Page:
CryptocurrencyInvestingBanksReal Estate

The SEC Just Charged 71 Cities and States With Fraud

August 24, 2016, 7:13 PM UTC
Hanauma Bay Beach, island of Oahu, Hawaii
UNITED STATES - APRIL 23: Hanauma Bay Beach, island of Oahu, Hawaii, United States of America. (Photo by DeAgostini/Getty Images)
Photograph by DeAgostini—Getty Images

The U.S. Securities and Exchange Commission has charged 71 municipal bond issuers, including the states of Hawaii and Minnesota, as well as related entities, for using offering documents that misled investors, the agency said on Wednesday.

The actions, brought under an SEC initiative that encouraged municipal bond issuers to self-report certain violations, involved conduct that occurred between 2011 and 2014, the SEC said. The initiative offered favorable settlement terms in exchange for self-reporting, the SEC said.

All of the entities involved settled with the SEC without admitting or denying the SEC‘s findings, the agency said.

Spokespeople for state finance departments in Minnesota and Hawaii, where it was outside normal business hours, could not be reached immediately for comment.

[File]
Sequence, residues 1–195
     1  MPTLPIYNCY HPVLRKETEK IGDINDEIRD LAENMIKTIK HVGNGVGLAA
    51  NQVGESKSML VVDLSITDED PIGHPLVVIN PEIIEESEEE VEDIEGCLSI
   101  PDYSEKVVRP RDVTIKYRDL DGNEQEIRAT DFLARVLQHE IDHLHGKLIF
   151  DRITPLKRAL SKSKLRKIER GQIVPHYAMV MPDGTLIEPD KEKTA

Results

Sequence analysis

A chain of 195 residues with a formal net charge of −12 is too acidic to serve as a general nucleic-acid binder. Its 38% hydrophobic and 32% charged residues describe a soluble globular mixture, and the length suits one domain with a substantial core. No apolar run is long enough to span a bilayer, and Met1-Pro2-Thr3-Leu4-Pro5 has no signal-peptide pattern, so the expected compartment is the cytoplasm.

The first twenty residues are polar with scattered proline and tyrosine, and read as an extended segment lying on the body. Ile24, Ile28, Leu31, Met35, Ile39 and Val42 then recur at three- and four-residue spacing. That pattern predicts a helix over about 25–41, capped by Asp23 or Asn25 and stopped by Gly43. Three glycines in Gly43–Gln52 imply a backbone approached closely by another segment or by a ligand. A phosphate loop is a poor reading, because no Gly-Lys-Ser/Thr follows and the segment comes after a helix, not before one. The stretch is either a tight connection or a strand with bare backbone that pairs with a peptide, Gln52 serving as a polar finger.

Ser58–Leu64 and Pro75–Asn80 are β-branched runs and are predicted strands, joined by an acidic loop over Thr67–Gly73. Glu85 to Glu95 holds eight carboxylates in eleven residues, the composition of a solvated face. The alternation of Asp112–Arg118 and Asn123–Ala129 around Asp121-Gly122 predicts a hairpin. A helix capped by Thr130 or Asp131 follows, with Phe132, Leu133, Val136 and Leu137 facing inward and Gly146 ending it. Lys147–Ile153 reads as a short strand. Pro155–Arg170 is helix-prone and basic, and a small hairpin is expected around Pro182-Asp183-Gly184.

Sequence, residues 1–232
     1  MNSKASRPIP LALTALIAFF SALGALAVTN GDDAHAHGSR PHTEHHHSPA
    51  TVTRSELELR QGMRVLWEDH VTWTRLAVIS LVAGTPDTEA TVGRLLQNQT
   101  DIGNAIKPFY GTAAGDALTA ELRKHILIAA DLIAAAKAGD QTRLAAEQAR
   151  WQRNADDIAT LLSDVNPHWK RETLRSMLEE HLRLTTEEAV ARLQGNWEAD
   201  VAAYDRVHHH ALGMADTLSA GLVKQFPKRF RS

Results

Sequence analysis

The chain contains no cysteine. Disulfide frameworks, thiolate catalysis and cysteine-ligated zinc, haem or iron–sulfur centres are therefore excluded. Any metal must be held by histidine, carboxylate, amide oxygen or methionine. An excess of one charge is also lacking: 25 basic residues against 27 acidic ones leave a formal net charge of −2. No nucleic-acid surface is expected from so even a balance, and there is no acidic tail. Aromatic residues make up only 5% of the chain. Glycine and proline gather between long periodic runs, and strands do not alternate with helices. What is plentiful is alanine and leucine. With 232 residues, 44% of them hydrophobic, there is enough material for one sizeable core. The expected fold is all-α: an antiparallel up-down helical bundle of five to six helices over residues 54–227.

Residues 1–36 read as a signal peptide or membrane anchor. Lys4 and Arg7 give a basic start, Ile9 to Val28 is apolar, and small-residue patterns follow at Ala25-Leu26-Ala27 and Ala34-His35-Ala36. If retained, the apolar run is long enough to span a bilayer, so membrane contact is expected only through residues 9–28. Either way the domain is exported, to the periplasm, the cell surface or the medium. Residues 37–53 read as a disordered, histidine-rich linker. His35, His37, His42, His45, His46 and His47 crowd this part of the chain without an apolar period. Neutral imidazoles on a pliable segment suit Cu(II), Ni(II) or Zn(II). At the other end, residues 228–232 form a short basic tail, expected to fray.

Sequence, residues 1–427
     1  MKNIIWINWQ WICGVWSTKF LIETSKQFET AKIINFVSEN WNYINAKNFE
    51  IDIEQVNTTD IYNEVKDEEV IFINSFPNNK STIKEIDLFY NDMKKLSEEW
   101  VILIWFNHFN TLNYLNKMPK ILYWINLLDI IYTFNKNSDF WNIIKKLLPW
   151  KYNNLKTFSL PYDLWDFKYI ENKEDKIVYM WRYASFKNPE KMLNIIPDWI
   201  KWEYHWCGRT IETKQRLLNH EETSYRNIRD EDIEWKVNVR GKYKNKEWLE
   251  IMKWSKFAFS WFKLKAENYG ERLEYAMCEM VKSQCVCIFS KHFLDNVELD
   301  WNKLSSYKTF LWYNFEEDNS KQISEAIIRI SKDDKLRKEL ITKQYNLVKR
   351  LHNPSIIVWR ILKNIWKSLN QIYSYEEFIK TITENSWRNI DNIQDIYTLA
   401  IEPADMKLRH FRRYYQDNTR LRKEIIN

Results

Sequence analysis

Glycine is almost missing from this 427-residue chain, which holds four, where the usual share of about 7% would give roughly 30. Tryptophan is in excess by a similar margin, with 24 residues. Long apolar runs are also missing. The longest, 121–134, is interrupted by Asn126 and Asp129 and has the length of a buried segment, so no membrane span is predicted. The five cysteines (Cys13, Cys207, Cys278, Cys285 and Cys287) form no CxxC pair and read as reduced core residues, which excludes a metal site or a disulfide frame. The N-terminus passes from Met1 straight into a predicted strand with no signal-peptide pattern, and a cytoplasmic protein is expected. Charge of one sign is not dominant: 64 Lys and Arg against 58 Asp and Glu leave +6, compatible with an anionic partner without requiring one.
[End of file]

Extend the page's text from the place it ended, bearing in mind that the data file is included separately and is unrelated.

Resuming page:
The action covers a wide range of other issuers and entities, including the Ohio State University, the city of Memphis, the town of Hilton Head Island, South Carolina, and the Delaware Transportation Authority, according to the SEC.

The issuers in the case sold municipal bonds using offering documents that contained materially false statements or omissions about their compliance with continuing disclosure obligations.

Continuing disclosure provides municipal bond investors with important information, such as annual financial reports, on an ongoing basis. Failure to comply with continuing disclosure mandates is a “major challenge for investors seeking information about their municipal bond holdings,” the SEC said.

Settlements in the cases require the parties to reform their policies, procedures and staff training related to continuing disclosure obligations and to update past filings, among other things, the SEC said.